Predictable but telling: WPP chief Martin Sorrell does not want to answer questions in an Australian court in a case where he claims he was lied to by the owners of an agency he acquired in 2005.
The back story: WPP bought The Communications Group for $80 million from Pacific Equity Partners. It sued PEP when two key executives left Patterson and the shop lost clients such as Foster's, National Australia Bank and Cricket Australia. WPP claimed that the two execs, Anthony Heraghty and James McGrath, had been given "secret payments" to induce them to stay with the agency for one year; had WPP known of the payments -- and the consequent likelihood the pair would leave when the year was up -- it would have paid much less, WPP claims. WPP's Y&R Brands is seeking $10 million AUD in damages.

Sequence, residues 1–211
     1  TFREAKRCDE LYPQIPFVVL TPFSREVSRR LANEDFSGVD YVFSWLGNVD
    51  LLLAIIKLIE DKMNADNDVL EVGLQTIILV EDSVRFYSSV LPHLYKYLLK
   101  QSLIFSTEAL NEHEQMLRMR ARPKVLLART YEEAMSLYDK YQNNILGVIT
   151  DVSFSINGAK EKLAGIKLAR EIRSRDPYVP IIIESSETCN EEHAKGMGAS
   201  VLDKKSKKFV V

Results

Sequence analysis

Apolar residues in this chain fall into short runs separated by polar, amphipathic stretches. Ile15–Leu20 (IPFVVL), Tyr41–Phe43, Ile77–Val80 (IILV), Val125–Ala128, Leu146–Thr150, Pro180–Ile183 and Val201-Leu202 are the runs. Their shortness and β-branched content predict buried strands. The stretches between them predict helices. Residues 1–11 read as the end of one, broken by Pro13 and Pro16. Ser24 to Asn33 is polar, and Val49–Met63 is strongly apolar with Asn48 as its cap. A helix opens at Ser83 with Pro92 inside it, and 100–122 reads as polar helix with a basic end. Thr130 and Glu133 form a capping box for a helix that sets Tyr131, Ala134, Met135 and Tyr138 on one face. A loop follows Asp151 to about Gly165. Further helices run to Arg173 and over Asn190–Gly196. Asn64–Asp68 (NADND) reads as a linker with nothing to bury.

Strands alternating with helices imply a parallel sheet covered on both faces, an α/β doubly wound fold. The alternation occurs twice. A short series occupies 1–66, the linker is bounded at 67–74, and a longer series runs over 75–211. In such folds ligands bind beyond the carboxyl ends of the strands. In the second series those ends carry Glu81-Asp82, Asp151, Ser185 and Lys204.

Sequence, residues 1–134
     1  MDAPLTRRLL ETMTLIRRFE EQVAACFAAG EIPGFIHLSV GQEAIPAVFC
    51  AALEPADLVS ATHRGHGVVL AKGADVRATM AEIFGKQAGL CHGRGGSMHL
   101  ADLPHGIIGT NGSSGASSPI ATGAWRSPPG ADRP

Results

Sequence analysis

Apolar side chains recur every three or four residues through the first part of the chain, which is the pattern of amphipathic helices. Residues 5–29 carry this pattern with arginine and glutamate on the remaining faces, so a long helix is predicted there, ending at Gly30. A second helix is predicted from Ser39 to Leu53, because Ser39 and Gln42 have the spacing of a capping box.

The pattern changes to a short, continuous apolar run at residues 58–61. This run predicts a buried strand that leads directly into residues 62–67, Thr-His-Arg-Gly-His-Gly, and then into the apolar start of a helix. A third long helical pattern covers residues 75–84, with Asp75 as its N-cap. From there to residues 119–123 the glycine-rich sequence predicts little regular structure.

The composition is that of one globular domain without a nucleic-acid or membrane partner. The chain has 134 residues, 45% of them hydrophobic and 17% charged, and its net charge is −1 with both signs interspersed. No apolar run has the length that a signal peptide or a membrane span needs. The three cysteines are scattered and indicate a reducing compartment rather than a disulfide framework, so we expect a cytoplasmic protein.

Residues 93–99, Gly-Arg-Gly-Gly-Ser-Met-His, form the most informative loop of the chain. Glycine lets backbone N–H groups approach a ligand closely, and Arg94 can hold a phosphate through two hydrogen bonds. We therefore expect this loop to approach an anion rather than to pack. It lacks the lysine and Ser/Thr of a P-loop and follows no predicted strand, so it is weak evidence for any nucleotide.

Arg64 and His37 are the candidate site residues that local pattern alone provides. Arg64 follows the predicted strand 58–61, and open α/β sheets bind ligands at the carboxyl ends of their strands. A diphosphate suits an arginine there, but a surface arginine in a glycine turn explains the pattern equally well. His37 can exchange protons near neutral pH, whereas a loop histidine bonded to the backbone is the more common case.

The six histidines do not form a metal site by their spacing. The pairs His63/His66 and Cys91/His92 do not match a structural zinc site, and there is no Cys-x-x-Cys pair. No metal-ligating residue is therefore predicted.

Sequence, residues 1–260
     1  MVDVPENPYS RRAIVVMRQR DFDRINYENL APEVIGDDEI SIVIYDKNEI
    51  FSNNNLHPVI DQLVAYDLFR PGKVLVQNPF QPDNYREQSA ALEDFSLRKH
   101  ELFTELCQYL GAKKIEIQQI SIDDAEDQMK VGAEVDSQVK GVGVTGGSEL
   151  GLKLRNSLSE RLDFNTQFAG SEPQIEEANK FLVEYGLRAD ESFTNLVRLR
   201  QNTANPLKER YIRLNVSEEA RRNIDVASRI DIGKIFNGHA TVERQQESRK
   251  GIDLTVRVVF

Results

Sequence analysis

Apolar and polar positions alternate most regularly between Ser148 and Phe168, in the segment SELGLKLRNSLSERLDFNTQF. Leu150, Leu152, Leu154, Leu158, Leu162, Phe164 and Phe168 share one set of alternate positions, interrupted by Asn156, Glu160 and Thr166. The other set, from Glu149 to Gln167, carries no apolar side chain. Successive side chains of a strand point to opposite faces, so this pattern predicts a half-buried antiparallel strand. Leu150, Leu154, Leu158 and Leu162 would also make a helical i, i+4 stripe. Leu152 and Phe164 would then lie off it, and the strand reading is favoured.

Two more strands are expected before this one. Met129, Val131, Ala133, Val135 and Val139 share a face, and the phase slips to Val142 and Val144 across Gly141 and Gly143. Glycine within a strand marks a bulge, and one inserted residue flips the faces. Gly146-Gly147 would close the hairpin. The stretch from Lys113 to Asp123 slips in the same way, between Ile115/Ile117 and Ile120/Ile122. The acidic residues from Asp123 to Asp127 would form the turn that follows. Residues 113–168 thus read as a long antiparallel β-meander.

The case centers on a single question: What did WPP's bosses know about the payments and when did they know it? PEP claims Y&R Advertising chief Hamish McLennan was informed of the payments in a phonecall prior to the acquisition; McLennan says PEP's lawyers behaved disengenuously regarding disclosure of the payments. The Australian news media has yet to address whether McLennan is denying outright that he knew about the payments prior to the acquisition closing.
With Sorrell now insisting on not publicly describing what he knew, if anything, about the payments, the judge injected a note of skepticisim:
When told by counsel acting for WPP that Sir Martin would not be attending, Justice Jacobson said: ''Well if they don't call him there may be some consequences.''
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